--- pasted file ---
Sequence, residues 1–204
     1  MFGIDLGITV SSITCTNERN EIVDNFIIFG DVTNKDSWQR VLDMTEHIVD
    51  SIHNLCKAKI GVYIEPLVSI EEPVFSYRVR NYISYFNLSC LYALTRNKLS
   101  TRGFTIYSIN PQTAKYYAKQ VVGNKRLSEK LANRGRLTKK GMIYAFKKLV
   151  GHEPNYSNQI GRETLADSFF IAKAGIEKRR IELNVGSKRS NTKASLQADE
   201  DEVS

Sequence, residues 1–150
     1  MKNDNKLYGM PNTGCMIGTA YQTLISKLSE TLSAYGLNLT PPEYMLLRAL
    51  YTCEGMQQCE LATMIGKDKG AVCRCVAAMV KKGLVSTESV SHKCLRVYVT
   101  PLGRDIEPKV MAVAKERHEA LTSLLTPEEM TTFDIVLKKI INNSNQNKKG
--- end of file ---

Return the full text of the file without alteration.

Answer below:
Sequence, residues 1–204
     1  MFGIDLGITV SSITCTNERN EIVDNFIIFG DVTNKDSWQR VLDMTEHIVD
    51  SIHNLCKAKI GVYIEPLVSI EEPVFSYRVR NYISYFNLSC LYALTRNKLS
   101  TRGFTIYSIN PQTAKYYAKQ VVGNKRLSEK LANRGRLTKK GMIYAFKKLV
   151  GHEPNYSNQI GRETLADSFF IAKAGIEKRR IELNVGSKRS NTKASLQADE
   201  DEVS

Sequence, residues 1–150
     1  MKNDNKLYGM PNTGCMIGTA YQTLISKLSE TLSAYGLNLT PPEYMLLRAL
    51  YTCEGMQQCE LATMIGKDKG AVCRCVAAMV KKGLVSTESV SHKCLRVYVT
   101  PLGRDIEPKV MAVAKERHEA LTSLLTPEEM TTFDIVLKKI INNSNQNKKG